Friday, 16 October 2009

In The Beginning: Learning To Ride

Before I set out and open the old wounds (metaphorically) and create some new ones (literally) I want to divulge my past experiences.

The past 20 years, have seen some calamitous attempts and the odd white lie.

To date, three people have attempted to teach me to ride. My mother, my friend's dad and my friend's brother. All three tried. All three failed.

However there are some lessons to be learnt from their attempts and quite a few laughs to be had.

First of all came my mum. Now, she worked hard all her life and still does. At the time she was working as a cleaner and was strapped of time and energy to take me out to learn.

My mum and sister's bike had been condemned to a dusty grave in my nan's shed, as our house was too small to store them. So there were no bikes readily available, odd conversation sometimes cropped up between the family, mumblings about my nan's god-son fitting stabilizers.

I have only met this god-son about four times in my entire life, so the odds of him dropping his busy life of being an unemployed chav, buying some stabilizers, fitting them to a bike I didn't have and then teaching me to ride, were slim to say the least.

So the job fell to my mum, who god-bless her was protective of me. However calling her protective doesn't quite cut it. In primary school I was forced to wear a vest, polo-shirt, shirt and jumper to school, to keep me warm, in the summer. Even now, when I told her I was learning to ride a bike, the first thing she said was "STAY OFF THE MAIN ROAD!"

Bearing her maternal omnipotence in mind, I'm sure it won't surprise you that she bought me a girls bike. Yes thats right, not only was the idea of a tubby, 10-year-old falling off his bike in public bad enough, she wanted me to do it on a little girls bike as well.

Although there was some method in her madness, said bike was purchased from a boot fair, where choice was limited but the bikes were cheap. Being a single parent family it was the logical choice, however a baby blue, girl's bike emblazoned with Tony The Tiger stickers was not.


Her other reason for buying a girls bike was the bent, down-tube frame. So if I fell off, I wouldn't hurt my...little fella.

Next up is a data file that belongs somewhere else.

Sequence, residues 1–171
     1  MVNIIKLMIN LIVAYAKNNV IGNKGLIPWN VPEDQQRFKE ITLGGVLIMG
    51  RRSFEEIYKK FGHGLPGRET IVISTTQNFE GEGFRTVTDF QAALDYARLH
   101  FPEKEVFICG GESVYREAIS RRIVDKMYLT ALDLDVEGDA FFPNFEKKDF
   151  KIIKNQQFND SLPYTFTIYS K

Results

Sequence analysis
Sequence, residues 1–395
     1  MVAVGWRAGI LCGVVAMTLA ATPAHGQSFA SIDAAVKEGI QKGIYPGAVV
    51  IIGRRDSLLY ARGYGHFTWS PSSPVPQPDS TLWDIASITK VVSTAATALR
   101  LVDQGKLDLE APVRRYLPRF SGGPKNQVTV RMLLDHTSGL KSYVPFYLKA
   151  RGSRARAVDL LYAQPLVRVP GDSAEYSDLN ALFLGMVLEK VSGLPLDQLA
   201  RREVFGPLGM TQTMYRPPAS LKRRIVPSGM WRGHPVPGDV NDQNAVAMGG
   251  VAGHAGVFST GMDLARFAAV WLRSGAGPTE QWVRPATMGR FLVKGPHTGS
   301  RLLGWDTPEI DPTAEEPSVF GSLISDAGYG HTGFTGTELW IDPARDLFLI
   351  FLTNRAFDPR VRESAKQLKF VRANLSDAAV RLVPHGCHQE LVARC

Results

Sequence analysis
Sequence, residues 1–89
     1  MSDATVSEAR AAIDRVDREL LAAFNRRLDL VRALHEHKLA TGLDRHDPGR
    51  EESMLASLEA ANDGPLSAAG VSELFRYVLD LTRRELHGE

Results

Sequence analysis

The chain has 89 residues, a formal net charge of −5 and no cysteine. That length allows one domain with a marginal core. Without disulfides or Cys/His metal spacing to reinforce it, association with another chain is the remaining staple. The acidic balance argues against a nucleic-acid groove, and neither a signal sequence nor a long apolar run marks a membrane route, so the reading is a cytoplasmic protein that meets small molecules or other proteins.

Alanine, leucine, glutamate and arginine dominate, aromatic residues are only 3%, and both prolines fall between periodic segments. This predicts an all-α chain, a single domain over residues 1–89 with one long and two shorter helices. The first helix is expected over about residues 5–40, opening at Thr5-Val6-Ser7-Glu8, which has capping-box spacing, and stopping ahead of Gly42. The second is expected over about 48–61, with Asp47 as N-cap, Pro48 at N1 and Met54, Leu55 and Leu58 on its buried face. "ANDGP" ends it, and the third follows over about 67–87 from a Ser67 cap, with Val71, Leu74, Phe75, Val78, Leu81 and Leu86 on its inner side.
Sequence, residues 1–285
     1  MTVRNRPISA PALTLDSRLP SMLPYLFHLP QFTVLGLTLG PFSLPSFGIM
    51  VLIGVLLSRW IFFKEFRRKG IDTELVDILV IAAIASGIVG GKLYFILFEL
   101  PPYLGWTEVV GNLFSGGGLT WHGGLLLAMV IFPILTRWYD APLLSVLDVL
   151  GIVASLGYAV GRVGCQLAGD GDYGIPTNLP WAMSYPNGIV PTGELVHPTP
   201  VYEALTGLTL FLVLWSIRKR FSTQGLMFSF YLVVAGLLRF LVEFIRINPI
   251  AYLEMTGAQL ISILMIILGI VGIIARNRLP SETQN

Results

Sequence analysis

In her credit I never did hurt myself in that way, however the one and only time she took me out on the baby blue monstrosity, I hurt myself in so many other ways. Scraped knees and bruised shins shattered my motivation as did her lack of advice...


This method of teaching me to ride a bike was very similar to her method of teaching me to drive.


What, 'kick on' means is speed up. Why she kept saying it and didn't just say 'speed up' I do not know. All I can say, was that it was annoying, very, very annoying!

My day spent 'just peddling' saw me reach my record distance on the long-jump run up:

Three Metres.

My mother has been the ideal parent all of my life, however for all her countless skills, she can't teach for toffee.

What i learnt: So if you are a parent or friend trying to teach a child or anyone to ride a bike. There are three things to avoid.

  1. Don't shout vague commands like- "RIDE A BIKE", "PEDDLE" and "STOP CRYING" It may have helped Forest Gump learn to run but won't magically teach someone to ride a bike.
  2. Don't buy a Girls bike for a boy, it adds insult to injury, most parents are oblivious to the embarrassment they cause. This is a no brainer.
  3. Don't put it off, if you're going to buy a bike, buy it! If you're going to fit stabilizers, fit them! If you're going to go out and teach someone, stick at it!

*Stay tuned for more embarrassing moral tales, as two grown men try and fail to hold an obese 10-year-old on his bike!*

1 comment:

MUMMY said...

It hurt me more than you believe it or not Laurence, I felt a complete failure as a mother, of course absent father's are always vindicated